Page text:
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Killing center spindle bearings yearly...


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#1 Earl OFFLINE  

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Posted July 09, 2015 - 08:38 AM

For the last three years Stanley has killed the bearings in the center deck spindle. I put good quality, sealed bearings in it just like what the original had and about mid way through the season it kills them.

I blow the deck off after every use and try to keep everything dry. I don't over tighten the bearings and the belt tension seems good. Any suggestions on what I could be doing wrong?

#2 WNYTractorTinkerer ONLINE  

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Posted July 09, 2015 - 08:44 AM

Is the drive belt tension too tight?  It will place undue stress on bearings that are not designed to withstand the stress that pulling creates.  As the center pulley also provides the force to drive the other blades it does a lot of work.. 


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#3 Earl OFFLINE  

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Posted July 09, 2015 - 08:57 AM

That tension is set with a spring from the tensioner arm to the deck engagement lever that also pulls the tensioner to start the blades. There's not an adjustment there that I'm aware of but I will check. This is a bare bones "disposable" Murray tractor that's 10 years old so I don't think very much is adjustable.

#4 olcowhand ONLINE  

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Posted July 09, 2015 - 08:59 AM

Is the spacer between the bearings?  If not, the bearings will die very early with any tension on the shaft nut/bolt at all.


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#5 HDWildBill ONLINE  

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Posted July 09, 2015 - 09:00 AM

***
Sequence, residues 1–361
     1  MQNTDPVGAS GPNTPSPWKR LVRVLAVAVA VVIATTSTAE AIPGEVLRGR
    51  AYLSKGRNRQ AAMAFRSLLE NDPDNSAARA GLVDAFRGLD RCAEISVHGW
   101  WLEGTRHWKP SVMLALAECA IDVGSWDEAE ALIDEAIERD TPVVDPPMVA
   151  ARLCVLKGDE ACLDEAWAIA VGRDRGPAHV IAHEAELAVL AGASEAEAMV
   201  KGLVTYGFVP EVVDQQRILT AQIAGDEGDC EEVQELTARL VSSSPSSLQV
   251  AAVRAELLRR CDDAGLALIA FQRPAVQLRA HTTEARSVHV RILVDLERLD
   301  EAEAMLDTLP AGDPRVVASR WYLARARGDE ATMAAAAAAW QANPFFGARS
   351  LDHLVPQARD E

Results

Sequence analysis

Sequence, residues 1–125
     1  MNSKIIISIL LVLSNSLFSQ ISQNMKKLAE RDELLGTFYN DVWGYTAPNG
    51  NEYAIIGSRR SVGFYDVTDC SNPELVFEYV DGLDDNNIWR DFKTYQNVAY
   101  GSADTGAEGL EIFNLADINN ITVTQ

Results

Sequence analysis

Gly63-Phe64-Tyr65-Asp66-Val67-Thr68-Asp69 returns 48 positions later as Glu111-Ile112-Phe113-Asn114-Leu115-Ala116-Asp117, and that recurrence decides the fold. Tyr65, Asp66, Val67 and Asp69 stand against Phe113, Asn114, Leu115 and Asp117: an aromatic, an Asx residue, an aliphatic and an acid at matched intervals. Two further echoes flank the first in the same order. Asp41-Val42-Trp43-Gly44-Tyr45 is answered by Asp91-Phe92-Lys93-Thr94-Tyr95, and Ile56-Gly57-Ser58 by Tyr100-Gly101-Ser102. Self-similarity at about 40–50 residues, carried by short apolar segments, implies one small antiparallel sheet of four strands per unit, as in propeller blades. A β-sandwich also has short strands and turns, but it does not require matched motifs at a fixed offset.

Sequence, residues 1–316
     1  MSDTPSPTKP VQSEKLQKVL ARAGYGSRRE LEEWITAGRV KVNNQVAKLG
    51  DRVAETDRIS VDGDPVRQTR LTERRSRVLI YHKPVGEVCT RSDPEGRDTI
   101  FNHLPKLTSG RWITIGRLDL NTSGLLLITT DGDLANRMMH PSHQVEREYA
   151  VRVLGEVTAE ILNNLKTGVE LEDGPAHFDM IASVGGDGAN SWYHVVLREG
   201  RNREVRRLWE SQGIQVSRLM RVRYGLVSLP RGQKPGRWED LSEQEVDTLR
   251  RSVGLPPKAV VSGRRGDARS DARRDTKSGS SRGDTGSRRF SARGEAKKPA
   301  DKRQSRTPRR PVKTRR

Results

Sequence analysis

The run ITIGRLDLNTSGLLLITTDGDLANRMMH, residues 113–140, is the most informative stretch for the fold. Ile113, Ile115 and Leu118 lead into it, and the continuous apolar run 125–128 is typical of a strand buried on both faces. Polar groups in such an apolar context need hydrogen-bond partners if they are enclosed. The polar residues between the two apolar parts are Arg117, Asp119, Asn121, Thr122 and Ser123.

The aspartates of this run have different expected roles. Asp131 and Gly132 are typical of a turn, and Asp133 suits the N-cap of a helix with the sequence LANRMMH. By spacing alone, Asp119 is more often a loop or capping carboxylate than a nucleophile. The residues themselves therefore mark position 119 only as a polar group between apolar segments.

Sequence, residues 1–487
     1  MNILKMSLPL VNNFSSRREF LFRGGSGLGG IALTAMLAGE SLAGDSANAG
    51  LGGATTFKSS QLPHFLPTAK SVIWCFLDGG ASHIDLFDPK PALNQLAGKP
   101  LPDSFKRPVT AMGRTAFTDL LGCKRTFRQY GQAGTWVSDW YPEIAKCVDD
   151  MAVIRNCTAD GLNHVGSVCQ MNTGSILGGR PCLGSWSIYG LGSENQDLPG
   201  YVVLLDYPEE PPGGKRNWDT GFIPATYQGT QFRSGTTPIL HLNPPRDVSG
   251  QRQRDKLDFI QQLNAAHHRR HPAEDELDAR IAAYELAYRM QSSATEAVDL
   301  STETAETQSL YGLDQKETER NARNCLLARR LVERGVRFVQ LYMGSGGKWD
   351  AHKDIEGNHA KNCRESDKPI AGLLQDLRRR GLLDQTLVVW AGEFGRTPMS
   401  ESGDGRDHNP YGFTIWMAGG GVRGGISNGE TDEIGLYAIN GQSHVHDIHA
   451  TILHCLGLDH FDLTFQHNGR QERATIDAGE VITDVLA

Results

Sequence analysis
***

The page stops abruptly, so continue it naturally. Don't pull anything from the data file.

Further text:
It the blade balanced?  What about the shaft, is it round and in good shape?  How about the housing, is it mounted correctly and tight to the deck? 


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#6 Cvans ONLINE  

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Posted July 09, 2015 - 09:47 AM

I'm with Daniel on having the correct spacer in place between the two bearings. Another thing to look for is to make sure the spindle shaft is straight. If it is bent even a little your going to damage the bearings in a short time. If you don't have a lathe roll it across a flat surface to check straightness. Is it one or both bearing going out? File off any burrs from the shaft where the bearing sets. Most of these spindle bearings are a press fit and if there are any dings in the shaft that protrude it can distort the inner race on the bearing and cause a failure. 

Good luck.


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#7 Earl OFFLINE  

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Posted July 09, 2015 - 10:44 AM

I'll be tearing it apart this weekend I hope and I'll get back with what I find in there. I'm not sure about the spacer, I may have gotten it back wrong at some point. I'll check the rest a well. Thanks guys!

Edited by Earl, July 09, 2015 - 12:53 PM.

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#8 MH81 ONLINE  

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Posted July 09, 2015 - 12:11 PM

It may be time for a new mandrill.
I'm wondering if its bent or malformed somehow and that's causing you issues.
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#9 Earl OFFLINE  

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Posted July 11, 2015 - 09:42 AM

So out only killed the lower bearing. Crunchy dead kinda kill. Upper bearing is still in great shape. There are no spacers on the shaft, just the shoulders machined into it. I pulled another spindle apart to make sure. I'm going after another bearing and then I'll sand everything and slip out back together.

#10 olcowhand ONLINE  

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Posted July 11, 2015 - 10:54 AM

Ok, with shoulders you don't need spacers. Are you using high grade bearings or cheaper Chinese made? Huge difference in life span.
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#11 KennyP ONLINE  

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Posted July 11, 2015 - 11:31 AM

My old MTD LT was good about loosing a bearing every year. & yes, they were the cheapys!



#12 HDWildBill ONLINE  

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Posted July 11, 2015 - 02:27 PM

Have you checked the blade and made sure it is balanced? 



#13 Earl OFFLINE  

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Posted July 12, 2015 - 08:40 AM

Last time I use the SKF but this time I went with the NAPA brand. The blades are balanced and straight too. This bearing seems to have died because of excessive thrust or being hit and creating divots in the races but I always drive them in with the outside race since the inside is slip fit.

If this doesn't last I'm going to get a new shaft for it (or a new spindle all together).
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